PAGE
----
It was hard to say what was louder. The bawls and bellowings of the galleries as Irishman Shane Lowry manoeuvred himself into a share of the lead on day two of The Open Championship here at rollicking, rousing Royal Portrush or the roars and howls of those same decibel-generating spectators as Rory McIlroy fought manfully to make the cut.

And, my goodness, what a fight he put up. McIlroy had been left lolling on the ropes after that harrowing 79 in round one but the gloves were off yesterday as he landed a series of counter blows that just about left dents, bruises and grazes on the Dunluce links.

His rampaging six-under 65, which was 14 shots better than his error-strewn opening effort, was fantastic but, ultimately, futile as he fell a shot shy of the one-over qualifying mark.

The ovation he received on the 18th had everybody wondering just what could have been. “I’m trying not imagine what it’s going to be like on Sunday,” said McIlroy as the opportunity to absorb the passion and praise on the final day of an Open in his homeland was denied him.

HeraldScotland:

With Lowry rallying the masses with a 67 which left him sharing the lead with JB Holmes on an eight-under total, a giddy, emotional cocktail of excitement, tension, hope and anguish accompanied every shot as McIlroy tried to haul himself back inside the cut mark.

In the fading light of a damp, dour evening, the atmosphere really was quite intoxicating as the collective will of the masses tried to sook McIlroy’s ball into the hole.

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Given his calamitous start on Thursday, McIlroy was faced with one of the biggest reeling in jobs since they tried to land Moby Dick. He didn’t just have his back against the wall, he was almost stuck in the pointing.

Two birdies on the front nine helped but three in a row from the 10th cranked up the volume. Mission impossible was suddenly looking, well, possible.

A tee-shot in the bunker and a bogey on 13 would prove hugely costly in the final analysis and despite a further brace of birdies it was too little too late.

“It’s been an eye-opener for me,” he added of the support he received from his ain folk. “Sometimes you’re so far away and you forget about all the people who are cheering you on back home. And then you come and play in front of them and it hit me like a ton of bricks.”

If McIlroy’s surge was captivating then Lowry’s early charge was equally as uplifting and could’ve been accompanied by an infantry bugle call. A quartet of birdies on his first five holes – in fact six in his first 10 - had the 32-year-old bounding along at a furious lick and at one stage he was two shots clear.

His momentum was halted with a three-putt bogey on the 15th and then a “duffed” approach to the 18th spawned another dropped. Nevertheless, a share of the lead at the halfway stage of an Open on Irish turf was something to savour.

Lowry, who won the Irish Open as an amateur at Baltray a decade ago, had major glory in his grasp a couple of years ago at Oakmont when he led the US Open by four shots on the final day only to implode amid the tumult.

It took him a good while to fully rinse that disappointment away but Lowry is a different man now. “I’ve got over that, it took me a while, but I got over it,” said Lowry, who has missed the cut in his last four Open Championships. “If I get the opportunity this weekend, I’ll be better.”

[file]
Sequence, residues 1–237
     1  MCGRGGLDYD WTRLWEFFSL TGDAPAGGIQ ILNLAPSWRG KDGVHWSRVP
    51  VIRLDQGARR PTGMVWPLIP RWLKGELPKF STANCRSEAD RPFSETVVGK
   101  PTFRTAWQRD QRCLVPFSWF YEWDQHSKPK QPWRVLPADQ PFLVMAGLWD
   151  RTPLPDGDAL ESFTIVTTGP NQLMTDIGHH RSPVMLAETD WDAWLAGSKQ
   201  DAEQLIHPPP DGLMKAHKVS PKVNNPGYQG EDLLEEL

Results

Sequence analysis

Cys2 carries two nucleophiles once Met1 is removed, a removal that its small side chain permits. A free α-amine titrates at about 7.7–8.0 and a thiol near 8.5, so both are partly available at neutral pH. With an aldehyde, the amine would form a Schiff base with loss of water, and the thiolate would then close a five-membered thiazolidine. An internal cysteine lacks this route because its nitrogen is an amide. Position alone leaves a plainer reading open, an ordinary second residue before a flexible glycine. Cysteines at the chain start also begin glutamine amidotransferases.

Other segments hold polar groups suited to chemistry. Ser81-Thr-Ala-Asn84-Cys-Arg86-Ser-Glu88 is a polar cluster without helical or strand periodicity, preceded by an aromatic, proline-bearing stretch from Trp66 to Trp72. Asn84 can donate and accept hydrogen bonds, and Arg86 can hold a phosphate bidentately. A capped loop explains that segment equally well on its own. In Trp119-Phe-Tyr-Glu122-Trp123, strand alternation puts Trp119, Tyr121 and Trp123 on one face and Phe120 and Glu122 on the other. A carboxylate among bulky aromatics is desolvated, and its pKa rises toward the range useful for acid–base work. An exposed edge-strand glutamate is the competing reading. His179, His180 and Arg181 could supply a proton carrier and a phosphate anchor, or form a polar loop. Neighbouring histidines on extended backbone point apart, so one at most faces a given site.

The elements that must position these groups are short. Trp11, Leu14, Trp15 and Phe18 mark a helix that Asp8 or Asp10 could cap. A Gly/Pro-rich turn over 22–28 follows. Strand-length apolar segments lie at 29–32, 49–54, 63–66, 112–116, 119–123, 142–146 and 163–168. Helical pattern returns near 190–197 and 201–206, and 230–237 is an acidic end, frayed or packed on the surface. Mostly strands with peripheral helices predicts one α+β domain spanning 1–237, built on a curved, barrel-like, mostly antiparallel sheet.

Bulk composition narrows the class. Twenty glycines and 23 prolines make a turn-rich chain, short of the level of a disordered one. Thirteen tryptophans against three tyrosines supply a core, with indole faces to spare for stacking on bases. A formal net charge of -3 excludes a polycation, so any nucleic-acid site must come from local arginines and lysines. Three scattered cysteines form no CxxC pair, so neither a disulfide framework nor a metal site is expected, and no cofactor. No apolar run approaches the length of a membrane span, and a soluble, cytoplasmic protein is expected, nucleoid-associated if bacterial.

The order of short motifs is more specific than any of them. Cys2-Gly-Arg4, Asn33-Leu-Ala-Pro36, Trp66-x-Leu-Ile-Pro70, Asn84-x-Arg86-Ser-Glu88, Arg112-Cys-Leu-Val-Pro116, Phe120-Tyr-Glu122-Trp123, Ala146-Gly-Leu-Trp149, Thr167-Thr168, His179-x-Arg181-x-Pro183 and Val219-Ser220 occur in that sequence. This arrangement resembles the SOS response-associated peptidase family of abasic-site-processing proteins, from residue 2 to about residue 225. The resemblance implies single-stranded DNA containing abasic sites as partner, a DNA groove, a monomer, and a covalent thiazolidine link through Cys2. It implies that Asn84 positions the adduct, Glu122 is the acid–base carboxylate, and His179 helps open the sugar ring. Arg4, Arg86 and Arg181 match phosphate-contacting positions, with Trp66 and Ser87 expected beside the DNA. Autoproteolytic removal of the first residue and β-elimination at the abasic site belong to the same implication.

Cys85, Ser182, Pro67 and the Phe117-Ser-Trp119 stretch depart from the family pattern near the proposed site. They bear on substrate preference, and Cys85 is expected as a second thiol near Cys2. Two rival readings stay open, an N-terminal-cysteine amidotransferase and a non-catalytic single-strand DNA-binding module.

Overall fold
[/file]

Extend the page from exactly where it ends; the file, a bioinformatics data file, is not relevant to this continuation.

Lowry won the North of Ireland Amateur Championship here at Portrush in those formative golfing years. He relishes the conditions that The Open is being played out in and he’s enjoying the tidal wave of support too. Familiarity with this neck of the woods continues to breed contentment.

“Next week I’ll be in Memphis and there’ll probably be 10 men and a dog following me,” he chortled. “There’s going to be thousands cheering me on so I’m going to enjoy it.”

HeraldScotland:

Against a backdrop of patriotic fervour, Holmes will probably have to just settle for applauding his own shots in his pairing with Lowry today.

The American, who was third in the 2016 Open at Troon, fortified his sturdy position in the upper echelons with a 68 for his eight-under aggregate.

Lee Westwood, who has flirted with a variety of major wins but has never consummated the relationship, is right in there again on 135 after a 67 while Tommy Fleetwood added a 67 to Thursday’s 68 to thrust himself back into the spotlight.

By his own admission, the Southport man’s topsy turvy form has led to him operating largely under the radar this season but on the biggest stage he continues to sparkle.

“It’s your chance of putting your name in the history of the game,” said Fleetwood. “All of us dream of having majors in our career and taking those opportunities.

“I think the other side of that is, you don’t know how many times you’re going to actually get the chance to compete at the back end of a draw on Saturday or Sunday in a major and it’s important to embrace it and enjoy it whatever happens.

“You don’t know what’s going to happen next week or the week after. You have to realise what a lucky position you’re in and how well you’ve done to get there.

“I’m not going to tee off tomorrow and say: ‘I’m going to love this whatever happens.’ I want to make it happen. I want to win a major.”

HeraldScotland:

Justin Rose and major machine Brooks Koepka lurk ominously at six and five-under respectively on a tantalising leaderboard but Tiger Woods joined the dearly departed as he missed the cut on six-over, despite a battling 70.

Darren Clarke, who had been so instrumental in bringing The Open back here after 68 years also exited, cruelly, after a triple-bogey on the very last hole.

He wasn’t the only Northern Irishman to be left thinking of what might have been.